[caption id=”attachment_4142” align=”alignright” width=”225”] Photo of a condom vending machine in Shanghai by Augapfel.[/caption] I have to admit to being a little torn over the contraceptive mandate.
On one hand, I believe contraceptives are critical for the health and economic security of both women and families. I also believe that family planning is something that ought to be decided by the families in question and not left up to religious leaders or legislators.
On the other hand, I have a strong belief in religious freedom. Requiring employers to pay for health care that violates their religious mandates just doesn’t seem right.
On the third hand, these employers are making decisions for employees who might not have any other good alternatives. If religious leaders and legislators should not be making your family planning decisions, what should give your boss the right?
The contraceptive mandate is a place where three powerful concerns meet. Religious liberty, personal liberty, and the public interest are at conflict. But this is a conundrum that we’ve created for ourselves by asking private companies to do the government’s job. If our health care was socialized instead of private, we could discuss covering birth control in a public and democratic forum rather than relying on the values and moral codes of business owners.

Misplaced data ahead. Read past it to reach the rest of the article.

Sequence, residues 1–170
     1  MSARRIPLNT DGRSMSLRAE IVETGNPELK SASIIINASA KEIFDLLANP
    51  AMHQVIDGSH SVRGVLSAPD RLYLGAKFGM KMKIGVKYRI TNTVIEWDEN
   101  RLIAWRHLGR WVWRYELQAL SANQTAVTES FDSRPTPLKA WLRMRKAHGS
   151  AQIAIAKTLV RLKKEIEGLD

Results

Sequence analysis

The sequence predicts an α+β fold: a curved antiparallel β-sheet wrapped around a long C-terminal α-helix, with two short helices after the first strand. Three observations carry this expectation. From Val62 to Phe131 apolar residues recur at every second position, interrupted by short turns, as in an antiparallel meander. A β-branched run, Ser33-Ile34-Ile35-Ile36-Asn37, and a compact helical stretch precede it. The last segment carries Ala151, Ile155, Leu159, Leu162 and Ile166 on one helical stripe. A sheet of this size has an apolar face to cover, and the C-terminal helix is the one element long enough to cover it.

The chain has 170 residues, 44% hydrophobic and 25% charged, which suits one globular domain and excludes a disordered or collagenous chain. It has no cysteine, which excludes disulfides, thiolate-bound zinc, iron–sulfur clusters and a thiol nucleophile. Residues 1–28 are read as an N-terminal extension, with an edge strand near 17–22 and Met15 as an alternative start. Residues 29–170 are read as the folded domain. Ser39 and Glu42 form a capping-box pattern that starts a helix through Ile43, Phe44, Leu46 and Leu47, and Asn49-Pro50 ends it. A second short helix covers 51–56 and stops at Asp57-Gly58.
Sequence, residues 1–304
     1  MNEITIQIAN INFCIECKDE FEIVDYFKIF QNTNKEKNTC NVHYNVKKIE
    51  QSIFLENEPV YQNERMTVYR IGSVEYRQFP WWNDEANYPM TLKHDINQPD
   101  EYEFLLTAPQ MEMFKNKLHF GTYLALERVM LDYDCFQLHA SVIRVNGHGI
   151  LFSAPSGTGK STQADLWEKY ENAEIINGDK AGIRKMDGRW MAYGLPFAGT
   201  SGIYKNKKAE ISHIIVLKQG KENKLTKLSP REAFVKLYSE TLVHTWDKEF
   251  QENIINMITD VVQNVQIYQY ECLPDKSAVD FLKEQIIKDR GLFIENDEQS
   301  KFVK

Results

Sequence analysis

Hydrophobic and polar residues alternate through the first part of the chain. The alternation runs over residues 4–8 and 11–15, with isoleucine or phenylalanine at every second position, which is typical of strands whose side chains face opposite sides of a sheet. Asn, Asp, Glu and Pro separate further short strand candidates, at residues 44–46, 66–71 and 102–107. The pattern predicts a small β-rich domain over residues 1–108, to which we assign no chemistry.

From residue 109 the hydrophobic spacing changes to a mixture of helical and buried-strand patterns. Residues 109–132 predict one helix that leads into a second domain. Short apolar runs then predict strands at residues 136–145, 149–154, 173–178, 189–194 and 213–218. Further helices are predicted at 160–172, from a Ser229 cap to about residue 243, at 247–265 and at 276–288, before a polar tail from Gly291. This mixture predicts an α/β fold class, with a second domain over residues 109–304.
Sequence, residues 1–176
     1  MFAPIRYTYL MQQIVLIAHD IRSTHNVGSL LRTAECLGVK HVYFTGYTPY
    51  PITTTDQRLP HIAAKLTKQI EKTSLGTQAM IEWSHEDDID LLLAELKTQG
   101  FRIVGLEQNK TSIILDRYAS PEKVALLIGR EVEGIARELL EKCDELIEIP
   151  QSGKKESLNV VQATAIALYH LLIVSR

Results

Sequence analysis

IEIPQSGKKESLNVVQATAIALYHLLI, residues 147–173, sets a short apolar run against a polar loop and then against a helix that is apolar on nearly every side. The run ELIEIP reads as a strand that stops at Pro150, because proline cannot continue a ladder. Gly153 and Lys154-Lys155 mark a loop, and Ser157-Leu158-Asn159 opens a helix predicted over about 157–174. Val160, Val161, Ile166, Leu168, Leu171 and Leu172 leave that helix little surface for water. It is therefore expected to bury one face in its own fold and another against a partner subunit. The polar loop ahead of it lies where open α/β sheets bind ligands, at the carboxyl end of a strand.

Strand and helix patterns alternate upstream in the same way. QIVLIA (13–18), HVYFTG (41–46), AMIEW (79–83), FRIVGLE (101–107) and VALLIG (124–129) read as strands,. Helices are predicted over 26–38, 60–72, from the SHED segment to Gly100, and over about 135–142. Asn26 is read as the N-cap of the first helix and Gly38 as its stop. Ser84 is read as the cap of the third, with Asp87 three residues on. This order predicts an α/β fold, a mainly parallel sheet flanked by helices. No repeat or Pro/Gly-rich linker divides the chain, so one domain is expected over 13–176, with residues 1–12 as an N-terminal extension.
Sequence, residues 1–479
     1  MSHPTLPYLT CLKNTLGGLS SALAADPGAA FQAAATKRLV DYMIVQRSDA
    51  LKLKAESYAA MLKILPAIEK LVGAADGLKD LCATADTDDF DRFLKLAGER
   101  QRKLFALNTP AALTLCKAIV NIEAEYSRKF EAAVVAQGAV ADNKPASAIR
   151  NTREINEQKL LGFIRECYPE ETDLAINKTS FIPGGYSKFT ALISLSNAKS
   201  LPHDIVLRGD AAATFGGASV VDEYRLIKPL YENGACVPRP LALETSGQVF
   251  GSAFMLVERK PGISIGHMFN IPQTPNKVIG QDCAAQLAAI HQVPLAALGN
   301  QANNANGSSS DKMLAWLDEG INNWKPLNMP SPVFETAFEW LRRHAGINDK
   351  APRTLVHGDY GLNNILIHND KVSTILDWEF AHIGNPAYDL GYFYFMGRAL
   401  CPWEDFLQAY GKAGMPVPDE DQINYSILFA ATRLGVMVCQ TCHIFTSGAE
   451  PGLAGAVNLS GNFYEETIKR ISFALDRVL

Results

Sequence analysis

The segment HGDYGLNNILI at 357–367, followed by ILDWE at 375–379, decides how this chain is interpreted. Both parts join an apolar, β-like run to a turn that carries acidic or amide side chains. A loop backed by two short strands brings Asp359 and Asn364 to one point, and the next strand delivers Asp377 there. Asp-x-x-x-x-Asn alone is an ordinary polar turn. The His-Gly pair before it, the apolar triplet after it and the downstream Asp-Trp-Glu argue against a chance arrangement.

People would (probably) still be funding birth control against their will through taxes, but the responsibility of making a direct decision for or against birth control for other people will have been removed from them. And Christians, at least, gain plausible deniability through Matthew 22:15-22.
The employer mandate for health insurance was put in place to avoid creating a socialized system where the government would handle these issues directly. But health care is a need and something the government has a strong interest in, so government is going to have to heavily regulate how and what health care is provided no matter who is doing the work. So if employers fill the need, they are going to have to fill the need no matter what moral objections they may have.
The best way to solve this moral conundrum is to fix it so the employers don’t have to be involved at all.